Drinking cola—diet or regular—may set you up for osteoporosis later on. In the The Framingham Osteoporosis Study, a a study that compared bone density in 2,538 men and women with their self-reported intake of soda, women who regularly drank colas had significantly lower bone mineral density at each hip site, a key indicator of osteoporosis risk. The reasons are unclear, but researchers speculate that cola might have been displacing milk and other bone-building beverages, or that bone loss was due to the phosphorous acid found in colas, which can deplete calcium stores.
It can damage your teeth.
According to a case study published in the March/April 2013 issue of General Dentistry, diet soda was purported to have the same effect on tooth enamel as methamphetamine or crack cocaine use. The study examined three representative cases—including a methamphetamine user, a crack cocaine addict and an avid consumer of diet soda—and found that all three individuals suffered severe erosion of the tooth enamel. The high acidity of diet soda can weaken tooth enamel, leaving the tooth more vulnerable to decay (read: more trips to the dentist).
“I’d see erosion once in a while 25 years ago, but I see much more prevalence nowadays,” said Kim McFarland, D.D.S., associate professor in the University of Nebraska Medical Center College of Dentistry in Lincoln, in a press release statement. “A lot of young people drink massive quantities of soda. It’s no surprise we’re seeing more sensitivity.”
It is associated with a higher risk of type 2 diabetes.
Although diet soda is touted as safe, sugar-free alternative for individuals with diabetes, a number of studies have discovered a paradoxical link between diet soda consumption and a greater incidence of type 2 diabetes. A 2009 multi-ethnic study published in Diabetes Care found that daily consumers of diet soda had a 67 percent elevated risk of type 2 diabetes compared with non-consumers. Following on the heels of that, a 2012 French study published in the American Journal of Clinical Nutrition also discovered a link between artificially sweetened beverages and type 2 diabetes. Although additional trials are needed to establish a causal link between type 2 diabetes and artificially sweetened beverages, these findings provide yet another reason to kick the can.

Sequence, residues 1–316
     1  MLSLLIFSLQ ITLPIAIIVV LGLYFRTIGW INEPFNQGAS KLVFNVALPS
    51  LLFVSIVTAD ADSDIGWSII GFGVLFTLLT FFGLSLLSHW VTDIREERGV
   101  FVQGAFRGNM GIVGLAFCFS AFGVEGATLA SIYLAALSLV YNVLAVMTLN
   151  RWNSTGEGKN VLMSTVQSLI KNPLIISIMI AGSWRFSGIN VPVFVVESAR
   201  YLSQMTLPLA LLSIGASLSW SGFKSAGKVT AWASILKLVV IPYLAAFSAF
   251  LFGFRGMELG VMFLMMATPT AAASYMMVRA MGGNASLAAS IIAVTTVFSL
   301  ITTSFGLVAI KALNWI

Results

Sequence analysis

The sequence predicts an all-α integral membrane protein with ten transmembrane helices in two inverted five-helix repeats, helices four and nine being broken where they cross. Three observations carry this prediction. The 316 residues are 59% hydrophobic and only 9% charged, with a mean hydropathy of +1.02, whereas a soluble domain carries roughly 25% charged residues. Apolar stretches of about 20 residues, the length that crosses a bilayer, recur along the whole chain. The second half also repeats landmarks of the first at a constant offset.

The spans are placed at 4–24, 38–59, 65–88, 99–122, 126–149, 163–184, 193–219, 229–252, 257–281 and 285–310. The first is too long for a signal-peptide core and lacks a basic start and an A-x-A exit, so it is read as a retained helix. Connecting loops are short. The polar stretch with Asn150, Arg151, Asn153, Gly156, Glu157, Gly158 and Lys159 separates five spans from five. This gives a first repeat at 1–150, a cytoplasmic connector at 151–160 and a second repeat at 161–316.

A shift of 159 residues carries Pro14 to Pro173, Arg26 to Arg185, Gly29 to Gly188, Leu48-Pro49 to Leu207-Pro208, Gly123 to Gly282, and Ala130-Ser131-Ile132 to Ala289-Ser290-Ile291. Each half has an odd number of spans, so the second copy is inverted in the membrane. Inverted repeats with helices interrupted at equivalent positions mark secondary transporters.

It may be bad for your heart.
A preliminary study has hinted at an association between daily diet soda consumption and a heightened risk of heart disease. Researchers at University of Miami and Columbia University followed roughly 2,500 New Yorkers for 10 years and found that daily diet soft drink consumption was associated with a 44 percent greater risk for vascular events such as stroke or heart attack. Further research needs to be done to determine whether diet soda causes heart attacks, or whether the individuals who consume diet soda have poorer overall dietary patterns that lead to vascular events. Still, the findings, which were published in the September 2012 General of Internal Medicine, present another potential strike against diet soda.
Bottom line? The occasional diet soda is unlikely to yield serious harm. But it’s hard to ignore the growing body of evidence that points to the negative health outcomes associated with daily diet soda intake. Luckily, healthier options for low-calorie beverages abound—from unsweetened tea to coffee to plain-old water.
“We want to encourage people to be mindful of their soft drink consumption,” Swithers says. “In many ways, we have seen this cultural shift where 30 years ago, people didn’t drink sweetened beverages every day—they were a treat. When you start to consume soft drinks every single day, that’s when it can become problematic.”